* School officials, Parents, and community groups should work together to determine the need for after-school care in their area. Programs should be tailored to meet the need of the community -- e.g., putting an emphasis on language skills and remedial work when dictated or on recreational activities in other cases.
* School programs should not concentrate exclusively on serving the poor. Middle-income families are also greatly in need of after-school care and should not have to depend on expensive private programs or franchises to provide it.
* Parents should play an integral part in program planning, via overseer boards and committees. When possible, parents should volunteer as classroom aides. Day-care specialists point out that too many after-school programs are now designed by academicians or nonprofit groups with little regard for parents' wishes.
* Principals, school boards, and PTAs should work together to publicize the availability of after-school programs. Evening and weekend meetings should be encouraged to address problems of the family: single-parent challenges; drug- and alcohol-related stresses; and neighborhood safety.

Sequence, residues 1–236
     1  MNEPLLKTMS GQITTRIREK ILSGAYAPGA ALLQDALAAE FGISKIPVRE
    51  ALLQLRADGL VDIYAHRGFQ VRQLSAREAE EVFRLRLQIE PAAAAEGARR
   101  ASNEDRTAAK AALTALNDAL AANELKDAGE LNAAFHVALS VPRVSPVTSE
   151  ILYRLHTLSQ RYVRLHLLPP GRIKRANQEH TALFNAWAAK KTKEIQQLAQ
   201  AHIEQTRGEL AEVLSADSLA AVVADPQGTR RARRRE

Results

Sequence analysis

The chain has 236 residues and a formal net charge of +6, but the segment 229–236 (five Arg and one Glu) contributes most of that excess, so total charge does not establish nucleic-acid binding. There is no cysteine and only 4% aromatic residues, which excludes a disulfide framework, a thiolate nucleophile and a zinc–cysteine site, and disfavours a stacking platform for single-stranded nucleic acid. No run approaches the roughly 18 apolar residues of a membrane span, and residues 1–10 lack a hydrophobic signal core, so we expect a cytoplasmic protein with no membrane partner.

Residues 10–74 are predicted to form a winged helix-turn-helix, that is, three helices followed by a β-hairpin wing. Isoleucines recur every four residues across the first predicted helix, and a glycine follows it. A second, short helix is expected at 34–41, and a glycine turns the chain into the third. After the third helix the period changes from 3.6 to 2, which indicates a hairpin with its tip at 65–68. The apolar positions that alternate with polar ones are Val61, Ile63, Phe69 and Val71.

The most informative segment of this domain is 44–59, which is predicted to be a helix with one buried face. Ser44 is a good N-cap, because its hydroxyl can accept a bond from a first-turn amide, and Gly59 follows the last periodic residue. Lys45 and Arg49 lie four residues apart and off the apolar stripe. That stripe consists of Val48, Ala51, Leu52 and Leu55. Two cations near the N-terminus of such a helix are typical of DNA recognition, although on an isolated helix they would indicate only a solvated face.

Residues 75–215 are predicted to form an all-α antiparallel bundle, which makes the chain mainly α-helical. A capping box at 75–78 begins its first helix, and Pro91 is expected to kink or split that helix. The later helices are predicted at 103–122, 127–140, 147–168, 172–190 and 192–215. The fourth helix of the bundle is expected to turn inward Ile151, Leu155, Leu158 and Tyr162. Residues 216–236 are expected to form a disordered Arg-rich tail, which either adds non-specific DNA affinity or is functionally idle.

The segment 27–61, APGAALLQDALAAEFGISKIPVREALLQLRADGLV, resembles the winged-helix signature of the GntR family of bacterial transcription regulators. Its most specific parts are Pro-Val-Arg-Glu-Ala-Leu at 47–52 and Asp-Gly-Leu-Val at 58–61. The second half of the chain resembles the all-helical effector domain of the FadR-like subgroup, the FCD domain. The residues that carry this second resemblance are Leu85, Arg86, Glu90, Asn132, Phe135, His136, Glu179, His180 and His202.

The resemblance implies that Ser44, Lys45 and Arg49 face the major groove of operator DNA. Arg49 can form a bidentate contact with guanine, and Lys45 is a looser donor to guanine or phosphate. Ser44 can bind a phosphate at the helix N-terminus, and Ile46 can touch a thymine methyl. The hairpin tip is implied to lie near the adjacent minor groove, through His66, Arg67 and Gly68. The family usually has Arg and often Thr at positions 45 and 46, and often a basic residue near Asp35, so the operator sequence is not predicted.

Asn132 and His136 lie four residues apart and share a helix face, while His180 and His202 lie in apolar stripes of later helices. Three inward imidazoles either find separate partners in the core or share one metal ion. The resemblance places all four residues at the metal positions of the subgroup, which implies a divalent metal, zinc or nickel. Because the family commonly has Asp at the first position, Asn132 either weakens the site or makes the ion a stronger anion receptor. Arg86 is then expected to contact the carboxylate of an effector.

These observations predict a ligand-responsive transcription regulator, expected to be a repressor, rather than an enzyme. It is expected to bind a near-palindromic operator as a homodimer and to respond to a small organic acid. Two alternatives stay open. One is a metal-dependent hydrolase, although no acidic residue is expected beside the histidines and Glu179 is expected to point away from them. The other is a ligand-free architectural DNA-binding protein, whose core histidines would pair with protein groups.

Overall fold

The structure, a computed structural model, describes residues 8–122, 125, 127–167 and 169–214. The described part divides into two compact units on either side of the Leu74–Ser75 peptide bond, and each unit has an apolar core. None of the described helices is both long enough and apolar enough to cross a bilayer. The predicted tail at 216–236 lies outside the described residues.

* Innovative ways of adjusting the program structure to community needs should be explored. For example, some suggest that after-school programs be conducted around the clock in factory communities where parents work on shifts. Employer contributions may be dictated to fund such a plan.
* Incorporate "big brother" and "big sister" organizations into school programs for single-parent yo ungsters.